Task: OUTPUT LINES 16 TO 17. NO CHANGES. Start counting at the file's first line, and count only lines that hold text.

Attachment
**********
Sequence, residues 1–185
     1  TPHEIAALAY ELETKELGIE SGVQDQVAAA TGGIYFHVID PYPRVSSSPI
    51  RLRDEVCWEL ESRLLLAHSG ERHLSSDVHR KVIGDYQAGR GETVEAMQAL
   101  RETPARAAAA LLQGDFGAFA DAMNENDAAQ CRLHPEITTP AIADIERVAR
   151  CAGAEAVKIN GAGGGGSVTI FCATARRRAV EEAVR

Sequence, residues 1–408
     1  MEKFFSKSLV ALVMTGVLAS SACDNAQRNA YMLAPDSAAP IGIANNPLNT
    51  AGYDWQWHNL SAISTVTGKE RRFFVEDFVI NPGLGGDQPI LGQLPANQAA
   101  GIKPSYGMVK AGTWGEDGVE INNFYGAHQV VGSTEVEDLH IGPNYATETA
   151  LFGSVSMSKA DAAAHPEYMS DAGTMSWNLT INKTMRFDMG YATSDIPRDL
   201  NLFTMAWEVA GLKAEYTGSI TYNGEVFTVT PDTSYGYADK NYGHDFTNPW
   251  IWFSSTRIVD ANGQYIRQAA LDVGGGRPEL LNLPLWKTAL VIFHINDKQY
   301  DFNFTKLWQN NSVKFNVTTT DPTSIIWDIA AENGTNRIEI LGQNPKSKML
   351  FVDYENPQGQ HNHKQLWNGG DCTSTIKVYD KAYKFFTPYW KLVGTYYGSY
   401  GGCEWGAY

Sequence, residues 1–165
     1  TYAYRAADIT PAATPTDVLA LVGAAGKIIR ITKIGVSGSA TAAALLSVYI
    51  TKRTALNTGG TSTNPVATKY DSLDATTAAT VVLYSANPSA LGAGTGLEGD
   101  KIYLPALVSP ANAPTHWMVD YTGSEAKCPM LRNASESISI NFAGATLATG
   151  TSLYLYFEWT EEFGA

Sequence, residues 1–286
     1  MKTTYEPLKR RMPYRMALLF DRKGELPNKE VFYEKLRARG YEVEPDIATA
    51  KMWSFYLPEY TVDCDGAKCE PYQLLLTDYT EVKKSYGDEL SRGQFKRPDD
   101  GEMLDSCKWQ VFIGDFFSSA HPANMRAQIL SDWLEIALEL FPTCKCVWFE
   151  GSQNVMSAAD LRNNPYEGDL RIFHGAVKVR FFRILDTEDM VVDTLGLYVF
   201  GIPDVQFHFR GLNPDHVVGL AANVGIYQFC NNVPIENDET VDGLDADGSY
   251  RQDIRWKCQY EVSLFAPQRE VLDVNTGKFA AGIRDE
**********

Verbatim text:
Sequence, residues 1–165
     1  TYAYRAADIT PAATPTDVLA LVGAAGKIIR ITKIGVSGSA TAAALLSVYI